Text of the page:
Traditional vs. Collaborative Approaches to the Divorce Process
Typically, divorcing couples use one of three processes: 1. They come up with a do-it-yourself settlement (no support, takes a high degree of emotional stability, problematic if there are power imbalances, subject to all the pitfalls of not having legal advice); 2. They go through mediation (no legal advice, still problematic if there are power imbalances); or 3. They go through the traditional litigation process (often psychological and financial damage is done under the associated pressure and duress). The Collaborative Law model removes the court which is inherent in the traditional model, offers support and legal expertise not present in the mediation model, and fully supports the concept of both parties working towards a solution initiated by the do-it-yourself model. Following is a comparison specifically between the Traditional and Collaborative approaches.
- The concept is familiar (and therefore the most prevalent).
- Spouses are not challenged to refine communication skills.
- Spouses are shielded from one another and the process.
- The parties involved are in control of the process.
- Just agreeing on the Collaborative process often puts spouses on a positive track.
- Spouses often coordinate their search for attorneys.
- Collaborative Law attorneys are trained in interest-based conflict resolution to identify big-picture goals and common ground, and to avoid arguments in favor of goal setting, active listening, common interest identification, creative solution generation, and outcome maximization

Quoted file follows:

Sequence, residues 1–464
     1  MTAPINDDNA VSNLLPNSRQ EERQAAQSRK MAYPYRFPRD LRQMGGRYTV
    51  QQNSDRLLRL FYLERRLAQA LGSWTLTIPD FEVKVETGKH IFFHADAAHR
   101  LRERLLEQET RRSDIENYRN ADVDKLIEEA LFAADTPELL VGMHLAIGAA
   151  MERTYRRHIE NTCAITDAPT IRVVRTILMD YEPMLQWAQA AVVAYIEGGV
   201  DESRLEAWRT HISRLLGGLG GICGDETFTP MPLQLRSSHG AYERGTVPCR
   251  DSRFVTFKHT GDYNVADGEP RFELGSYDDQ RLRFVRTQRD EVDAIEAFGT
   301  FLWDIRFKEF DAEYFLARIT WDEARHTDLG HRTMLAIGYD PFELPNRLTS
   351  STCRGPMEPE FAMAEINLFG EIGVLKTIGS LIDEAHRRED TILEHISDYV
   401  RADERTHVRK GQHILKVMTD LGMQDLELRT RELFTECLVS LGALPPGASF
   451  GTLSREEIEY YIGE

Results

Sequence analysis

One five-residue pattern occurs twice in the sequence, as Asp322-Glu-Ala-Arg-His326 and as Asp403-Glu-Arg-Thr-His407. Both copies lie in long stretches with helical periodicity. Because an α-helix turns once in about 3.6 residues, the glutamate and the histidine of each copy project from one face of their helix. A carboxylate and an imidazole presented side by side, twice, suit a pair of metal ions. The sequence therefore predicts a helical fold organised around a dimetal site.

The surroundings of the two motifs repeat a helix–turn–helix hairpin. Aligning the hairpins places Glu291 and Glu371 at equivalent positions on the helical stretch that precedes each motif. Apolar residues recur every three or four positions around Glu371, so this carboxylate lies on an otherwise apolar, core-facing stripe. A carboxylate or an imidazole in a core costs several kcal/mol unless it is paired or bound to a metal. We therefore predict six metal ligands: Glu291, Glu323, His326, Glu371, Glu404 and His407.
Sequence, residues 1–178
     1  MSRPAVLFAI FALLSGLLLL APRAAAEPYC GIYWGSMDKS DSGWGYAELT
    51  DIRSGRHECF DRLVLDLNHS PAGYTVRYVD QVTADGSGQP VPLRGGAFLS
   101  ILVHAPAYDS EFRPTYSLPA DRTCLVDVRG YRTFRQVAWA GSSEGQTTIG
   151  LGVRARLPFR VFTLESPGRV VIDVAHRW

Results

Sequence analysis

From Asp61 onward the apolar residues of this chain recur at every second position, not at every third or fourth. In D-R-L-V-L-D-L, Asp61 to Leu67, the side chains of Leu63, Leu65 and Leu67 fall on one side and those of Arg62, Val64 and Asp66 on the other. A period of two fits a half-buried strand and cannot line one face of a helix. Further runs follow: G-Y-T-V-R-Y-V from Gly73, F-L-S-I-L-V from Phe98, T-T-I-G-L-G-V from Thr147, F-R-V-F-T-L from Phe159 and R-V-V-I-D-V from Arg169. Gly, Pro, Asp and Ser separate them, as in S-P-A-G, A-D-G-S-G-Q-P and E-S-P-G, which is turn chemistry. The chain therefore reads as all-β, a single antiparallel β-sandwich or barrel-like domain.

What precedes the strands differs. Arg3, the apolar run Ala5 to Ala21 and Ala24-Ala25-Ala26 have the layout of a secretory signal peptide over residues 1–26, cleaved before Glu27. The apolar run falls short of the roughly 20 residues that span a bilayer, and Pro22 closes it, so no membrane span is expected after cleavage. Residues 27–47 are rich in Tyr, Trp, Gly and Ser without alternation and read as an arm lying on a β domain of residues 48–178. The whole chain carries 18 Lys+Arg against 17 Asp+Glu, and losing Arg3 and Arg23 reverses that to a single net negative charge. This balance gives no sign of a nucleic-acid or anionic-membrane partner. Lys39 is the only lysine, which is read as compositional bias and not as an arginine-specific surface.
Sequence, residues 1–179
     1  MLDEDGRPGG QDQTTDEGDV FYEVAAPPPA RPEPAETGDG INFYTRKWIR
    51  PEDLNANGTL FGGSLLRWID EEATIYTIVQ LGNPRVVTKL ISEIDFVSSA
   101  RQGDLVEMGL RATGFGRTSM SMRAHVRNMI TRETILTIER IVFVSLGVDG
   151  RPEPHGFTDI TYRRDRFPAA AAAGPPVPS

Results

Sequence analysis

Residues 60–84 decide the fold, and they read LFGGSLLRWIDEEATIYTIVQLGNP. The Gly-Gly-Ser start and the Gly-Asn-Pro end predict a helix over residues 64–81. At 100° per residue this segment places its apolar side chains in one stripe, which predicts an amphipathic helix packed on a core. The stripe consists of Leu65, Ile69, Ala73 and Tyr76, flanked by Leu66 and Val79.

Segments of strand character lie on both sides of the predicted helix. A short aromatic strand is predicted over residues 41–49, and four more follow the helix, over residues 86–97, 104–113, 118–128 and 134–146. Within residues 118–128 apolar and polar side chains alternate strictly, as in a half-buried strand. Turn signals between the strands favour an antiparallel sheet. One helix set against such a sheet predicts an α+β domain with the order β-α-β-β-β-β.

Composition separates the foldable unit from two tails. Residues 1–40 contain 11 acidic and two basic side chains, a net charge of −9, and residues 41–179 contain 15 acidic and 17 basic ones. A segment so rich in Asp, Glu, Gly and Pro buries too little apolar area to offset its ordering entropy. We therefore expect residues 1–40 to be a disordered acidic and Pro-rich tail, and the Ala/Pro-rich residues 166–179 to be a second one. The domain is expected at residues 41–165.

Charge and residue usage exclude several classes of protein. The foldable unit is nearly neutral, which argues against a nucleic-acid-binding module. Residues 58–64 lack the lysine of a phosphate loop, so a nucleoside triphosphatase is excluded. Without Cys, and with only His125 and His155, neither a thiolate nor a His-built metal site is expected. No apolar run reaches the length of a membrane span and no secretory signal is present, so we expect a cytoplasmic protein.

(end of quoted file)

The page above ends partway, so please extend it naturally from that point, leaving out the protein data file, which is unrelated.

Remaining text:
- Reaches the best choices for all parties involved.
- Completely transparent and geared toward negotiation.
- Not entwined with concern about what a Judge might decide.
- Usually less expensive and often more expedient than traditional approach.
- Conducive to being less stressful and more positive in outcome for all involved.
- A valuable book on the process is available: The Collaborative Way to Divorce: The Revolutionary Method That Results in Less Stress, Lower Costs, and Happier Kids—Without Going to Court, by Stuart G. Webb and Ronald Ousky.
- The process is driven by the court.
- Does not teach divorcing couples how to resolve conflicts on their own.
- Incurs significant financial and emotional costs in the preparation for trial.
- With the fear of going to court, spouses may feel compelled to favor finding aggressive trial lawyers over attorneys with particularly strong negotiation skills.
- When a party is served the paperwork by the Sheriff’s Department, for example, it can be shocking, intimidating, and can plant the seed for a long litigious process.
- Once served (and sometimes prior to being served), the complaint is filed at the District Court at which time it becomes public record no longer in either party’s control.
- The inevitable back-and-forth, which can only happen between attorneys once a court action is filed, can become unnecessarily time-consuming and expensive, when previously all could have been settled by simple communication between the parties.
- Prevalent in Maine are chambers conferences with the Judge and negotiations between attorneys being conducted out of the presence of the spouses. This lack of transparency can leave each party feeling bullied, in the dark, or both.
- Decisions left to the court are not necessarily the fairest, best, or most appropriate.
- Interim and final orders are too often entered by an agreement that one of the parties after-the-fact feels was entered without their consent and/or complete understanding.
- The process calls on both spouses to make a commitment to develop their communication and negotiation skills with one another.